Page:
Employers should also check state laws for any other relevant restrictions. For example, many states require that every party to a phone conversation must receive notice that the conversation will be monitored. See State Requirements.

Text Messaging

The same rules that apply to monitoring employee phone calls apply to text messages sent over an employer-provided phone. The Supreme Court recently upheld a public employer's right to review private text messages sent by an employee using an employer-provided phone because the employer had a legitimate work related purpose for the review. See City of Ontario, Cal. v. Quon, 560 U.S., +130 S. Ct. 2619 (2010).

Email and Instant Messages

All email and instant messages sent and received over an employer's communications network and using an account provided by the employer are and remain the property of the employer and may be reviewed or monitored at any time. See Smyth v. Pillsbury, +914 F. Supp. 97 (E.D. Pa. 1996). Options in an email system that allow an employee to mark certain messages as private do not change the employer's ability to review such emails.

An employer may read or copy employee emails, even after an employee has deleted them. Employers should make it clear in policies, similar to those described above, that the employer retains the right to monitor any such communications. Also, as discussed above, the SCA prohibits employers from accessing an employee's personal, third party email account, e.g., Gmail, Yahoo, even if the employee accesses the account on an employer-issued device.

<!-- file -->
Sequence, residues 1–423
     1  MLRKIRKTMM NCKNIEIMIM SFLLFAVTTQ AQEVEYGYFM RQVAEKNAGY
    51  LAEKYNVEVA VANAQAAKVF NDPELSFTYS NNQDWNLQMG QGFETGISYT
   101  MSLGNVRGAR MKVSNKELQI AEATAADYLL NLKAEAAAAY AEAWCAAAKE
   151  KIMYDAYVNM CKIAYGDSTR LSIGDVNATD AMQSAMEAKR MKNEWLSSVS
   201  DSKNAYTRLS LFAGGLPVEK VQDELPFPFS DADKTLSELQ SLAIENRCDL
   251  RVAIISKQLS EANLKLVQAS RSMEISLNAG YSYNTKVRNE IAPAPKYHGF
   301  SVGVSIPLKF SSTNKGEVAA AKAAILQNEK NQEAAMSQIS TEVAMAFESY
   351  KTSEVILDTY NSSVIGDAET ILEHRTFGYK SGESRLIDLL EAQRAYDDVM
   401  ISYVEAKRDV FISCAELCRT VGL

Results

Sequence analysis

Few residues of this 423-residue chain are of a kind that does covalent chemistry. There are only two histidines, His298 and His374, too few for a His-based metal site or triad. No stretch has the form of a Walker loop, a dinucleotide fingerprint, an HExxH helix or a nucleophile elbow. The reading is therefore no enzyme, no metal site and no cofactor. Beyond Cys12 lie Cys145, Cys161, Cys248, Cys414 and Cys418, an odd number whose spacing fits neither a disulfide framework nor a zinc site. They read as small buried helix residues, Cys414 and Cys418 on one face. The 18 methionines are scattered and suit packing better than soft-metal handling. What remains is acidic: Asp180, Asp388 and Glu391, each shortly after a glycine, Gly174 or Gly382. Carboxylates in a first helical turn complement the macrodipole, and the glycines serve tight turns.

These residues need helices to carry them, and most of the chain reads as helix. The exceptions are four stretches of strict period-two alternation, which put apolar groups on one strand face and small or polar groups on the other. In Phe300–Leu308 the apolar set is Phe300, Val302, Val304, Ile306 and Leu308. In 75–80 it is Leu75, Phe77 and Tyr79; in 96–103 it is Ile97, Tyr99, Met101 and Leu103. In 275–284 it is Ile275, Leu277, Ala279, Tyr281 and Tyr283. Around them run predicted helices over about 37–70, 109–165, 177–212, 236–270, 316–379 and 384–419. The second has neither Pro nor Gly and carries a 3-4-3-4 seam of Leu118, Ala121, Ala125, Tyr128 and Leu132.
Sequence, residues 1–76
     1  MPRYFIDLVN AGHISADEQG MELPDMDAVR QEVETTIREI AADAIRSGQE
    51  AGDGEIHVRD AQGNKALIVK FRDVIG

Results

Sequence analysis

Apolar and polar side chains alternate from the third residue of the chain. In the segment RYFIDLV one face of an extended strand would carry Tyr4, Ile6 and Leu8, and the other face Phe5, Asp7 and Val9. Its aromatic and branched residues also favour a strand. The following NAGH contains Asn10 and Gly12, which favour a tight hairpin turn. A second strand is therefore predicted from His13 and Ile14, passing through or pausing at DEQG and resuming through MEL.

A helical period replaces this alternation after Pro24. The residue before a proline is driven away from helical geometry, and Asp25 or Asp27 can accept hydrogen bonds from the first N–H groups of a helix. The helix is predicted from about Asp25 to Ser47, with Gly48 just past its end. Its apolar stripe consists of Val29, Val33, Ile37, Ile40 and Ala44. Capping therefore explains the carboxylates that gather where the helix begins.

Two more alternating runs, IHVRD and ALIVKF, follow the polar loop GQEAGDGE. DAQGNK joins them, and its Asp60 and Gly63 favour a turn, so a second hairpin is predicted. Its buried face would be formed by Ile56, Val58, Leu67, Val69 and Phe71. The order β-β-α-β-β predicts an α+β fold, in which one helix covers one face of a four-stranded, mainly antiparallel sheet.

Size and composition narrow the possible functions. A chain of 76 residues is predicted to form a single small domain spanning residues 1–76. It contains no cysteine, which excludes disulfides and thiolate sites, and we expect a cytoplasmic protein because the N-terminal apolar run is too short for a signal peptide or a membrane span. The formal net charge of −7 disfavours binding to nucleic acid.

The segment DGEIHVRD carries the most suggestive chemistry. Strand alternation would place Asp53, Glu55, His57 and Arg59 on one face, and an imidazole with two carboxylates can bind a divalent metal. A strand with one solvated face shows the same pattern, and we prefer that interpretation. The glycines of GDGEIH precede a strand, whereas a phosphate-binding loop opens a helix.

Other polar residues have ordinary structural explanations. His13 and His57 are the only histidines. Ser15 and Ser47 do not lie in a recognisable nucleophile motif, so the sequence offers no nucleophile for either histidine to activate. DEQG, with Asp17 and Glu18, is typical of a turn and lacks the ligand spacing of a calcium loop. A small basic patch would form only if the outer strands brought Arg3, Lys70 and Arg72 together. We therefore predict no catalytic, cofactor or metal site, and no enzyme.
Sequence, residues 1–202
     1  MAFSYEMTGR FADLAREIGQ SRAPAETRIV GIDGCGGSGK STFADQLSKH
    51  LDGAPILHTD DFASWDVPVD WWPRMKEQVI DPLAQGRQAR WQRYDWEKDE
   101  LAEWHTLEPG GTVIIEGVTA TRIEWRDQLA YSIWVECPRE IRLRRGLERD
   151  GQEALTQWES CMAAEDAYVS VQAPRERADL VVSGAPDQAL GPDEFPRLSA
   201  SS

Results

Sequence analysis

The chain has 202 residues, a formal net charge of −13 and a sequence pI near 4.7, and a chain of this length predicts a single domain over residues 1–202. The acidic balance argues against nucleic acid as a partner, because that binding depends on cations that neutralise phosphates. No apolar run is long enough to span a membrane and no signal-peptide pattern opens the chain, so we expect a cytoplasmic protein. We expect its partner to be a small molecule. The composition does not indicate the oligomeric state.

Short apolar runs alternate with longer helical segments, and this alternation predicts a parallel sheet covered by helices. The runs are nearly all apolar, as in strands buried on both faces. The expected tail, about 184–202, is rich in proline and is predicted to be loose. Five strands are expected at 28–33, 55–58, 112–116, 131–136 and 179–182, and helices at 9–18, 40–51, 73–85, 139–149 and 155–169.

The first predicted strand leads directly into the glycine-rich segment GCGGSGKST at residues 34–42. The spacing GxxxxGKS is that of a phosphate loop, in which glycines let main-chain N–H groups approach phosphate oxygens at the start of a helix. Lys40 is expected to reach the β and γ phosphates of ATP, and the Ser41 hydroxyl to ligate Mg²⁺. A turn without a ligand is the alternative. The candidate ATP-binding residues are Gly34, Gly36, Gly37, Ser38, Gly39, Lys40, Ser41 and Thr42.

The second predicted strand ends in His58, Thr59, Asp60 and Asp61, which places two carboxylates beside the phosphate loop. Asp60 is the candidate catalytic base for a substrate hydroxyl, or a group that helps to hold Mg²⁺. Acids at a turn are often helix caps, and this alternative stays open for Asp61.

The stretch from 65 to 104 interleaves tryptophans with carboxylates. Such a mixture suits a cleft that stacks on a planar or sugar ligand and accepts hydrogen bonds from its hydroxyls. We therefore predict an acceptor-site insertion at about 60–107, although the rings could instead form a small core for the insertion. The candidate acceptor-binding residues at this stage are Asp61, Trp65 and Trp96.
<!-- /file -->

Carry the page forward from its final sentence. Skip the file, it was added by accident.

An employer may not prohibit employees from using their work email system for non-business purposes, including union organizing and NLRA protected communications, during nonworking time. See Purple Communications, Inc. and Communications Workers of America, AFL-CIO, +2014 NLRB LEXIS 952 (N.L.R.B. Dec. 11, 2014). As the NLRB held in Purple Communications, Inc., there is a "presumption that employees who have been given access to the employer's email system in the course of their work are entitled to use the system to engage in statutorily protected discussions about their terms and conditions of employment while on nonworking time." The decision does not require employers to provide email access to employees.

An employer, however, may implement a total ban on nonwork use of email, including NLRA protected communications, during nonworking time by demonstrating that "special circumstances" make the ban necessary to maintain production or discipline. The NLRB cautions that whether special circumstances justify such a ban will depend on the "nature of the employer's business." In the event that an employer cannot justify a total ban of nonwork email during nonworking time, the employer may apply uniform and consistently enforced control over its email system to the extent that such controls are necessary to maintain production and discipline. For instance, an employer may prohibit "large email attachments or audio/video segments" if the attachments interfere with the email system. In addition, an employer may monitor computers and email systems for legitimate management reasons, such as ensuring productivity and preventing email use for purposes of harassment or other activities that could give rise to employer liability.

The NLRB's current position suggests that employers may implement content-neutral restrictions on nonwork email use during nonworking hours only if the employer engages in equal treatment nonwork email, i.e., the employer treats union-related emails identical to the way it treats emails relating to a local Boy Scout troop or fantasy baseball leagues.

GPS Tracking

Employers may have many reasons for wanting to use a GPS unit to track their vehicles used by employees, including: